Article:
Applications: Well, we tried to answer three questions that tie God’s tests and our faith together. By way of review, they are … WHEN DOES GOD TEST OUR FAITH (whenever He feels it’s necessary to bring about a greater good in us)? HOW DOES GOD TEST OUR FAITH (with the things we value and love the most)? WHY DOES GOD TEST OUR FAITH (it’s a means to glorifying the Lord more fully with our lives)? Now let’s finish with these thoughts about God’s tests.
- Don’t be surprised when you’re tested. If, as I’ve tried to demonstrate, tests are meant for our good, it’s hard to imagine that God would withhold them from us. His goal isn’t to keep us all in a stage of spiritual infancy, but to grow us into maturity. So when trials come, don’t be caught off guard. They are part of God’s perfect plan for your life.
- Don’t be confused when you’re tested. So many people ask, “Why is this happening to me?” But the right question for a believer to ask is, “What is God wanting to teach me about Himself?” My former mentor used to caution me when I was going through a difficult test of my faith … don’t waste your trials! It was his way of reminding me that they have a purpose … to make me a better worshipper of the LORD.
- Don’t be discouraged when you’re tested. In fact, James tells us that the purpose of God’s tests is to produce in us hope! That’s the complete opposite of discouragement. Hope is the expectation of a certain future. It looks at our trials and determines that they are not happening in a vacuum. God has designed them specifically for us that we might trust Him all the more with everything in our lives.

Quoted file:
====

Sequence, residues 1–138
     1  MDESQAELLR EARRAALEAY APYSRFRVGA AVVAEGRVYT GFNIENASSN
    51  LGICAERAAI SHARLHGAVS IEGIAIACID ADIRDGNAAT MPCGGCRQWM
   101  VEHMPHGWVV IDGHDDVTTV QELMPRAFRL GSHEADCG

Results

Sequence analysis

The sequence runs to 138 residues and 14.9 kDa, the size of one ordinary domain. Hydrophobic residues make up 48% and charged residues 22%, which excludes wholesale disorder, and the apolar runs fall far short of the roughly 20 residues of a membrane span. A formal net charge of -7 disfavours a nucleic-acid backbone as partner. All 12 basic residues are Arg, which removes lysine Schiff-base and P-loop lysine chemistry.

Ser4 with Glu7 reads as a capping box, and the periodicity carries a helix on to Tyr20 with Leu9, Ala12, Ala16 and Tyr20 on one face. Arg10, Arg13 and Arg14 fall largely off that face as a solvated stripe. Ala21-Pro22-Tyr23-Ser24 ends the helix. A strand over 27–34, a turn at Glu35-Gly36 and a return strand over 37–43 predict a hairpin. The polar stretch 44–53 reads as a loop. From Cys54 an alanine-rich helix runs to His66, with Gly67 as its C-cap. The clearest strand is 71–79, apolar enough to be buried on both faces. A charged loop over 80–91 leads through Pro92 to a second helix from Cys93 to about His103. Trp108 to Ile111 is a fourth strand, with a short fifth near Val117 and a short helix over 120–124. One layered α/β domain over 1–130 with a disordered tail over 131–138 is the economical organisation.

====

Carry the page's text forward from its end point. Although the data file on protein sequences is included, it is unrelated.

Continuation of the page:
Conclusion: A test from the Lord can push us beyond what we ever imagined we could endure and make us spiritually tough and resilient in the process. Admiral William H. McRaven, a 36-year Navy SEAL veteran, gave the commencement address to the Class of 2014 at the University of Texas in Austin. He titled his talk “10 Lessons to Change the World.” Here’s one of his lessons to change the world: Every day during SEALS training you were challenged with multiple physical events—long runs, long swims, obstacle courses, hours of calisthenics—something designed to test your mettle. Every event had standards—times you had to meet. If you failed to meet those standards your name was posted on a list and at the end of the day those on the list were invited to—a “circus.” A circus was two hours of additional calisthenics—designed to wear you down, to break your spirit, to force you to quit. No one wanted a circus. A circus meant that for that day you didn’t measure up. A circus meant more fatigue—and more fatigue meant that the following day would be more difficult—and more circuses were likely. But at some time during SEAL training, everyone—everyone—made the circus list. And an interesting thing happened to those who were constantly on the list. Over time those students—who did two hours of extra calisthenics—got stronger and stronger. The pain of the circuses built inner strength, built physical resiliency. Admiral McRaven concludes with this: Life is filled with circuses. You will fail. You will likely fail often. It will be painful. It will be discouraging. At times it will test you to your very core. But if you want to change the world, don’t be afraid of the circuses. I suspect what the Navy Seals refer to as circuses, the Bible calls tests. If we bear up under them and trust in the purposes of God we will discover that tests are for our benefit and, more importantly, His glory.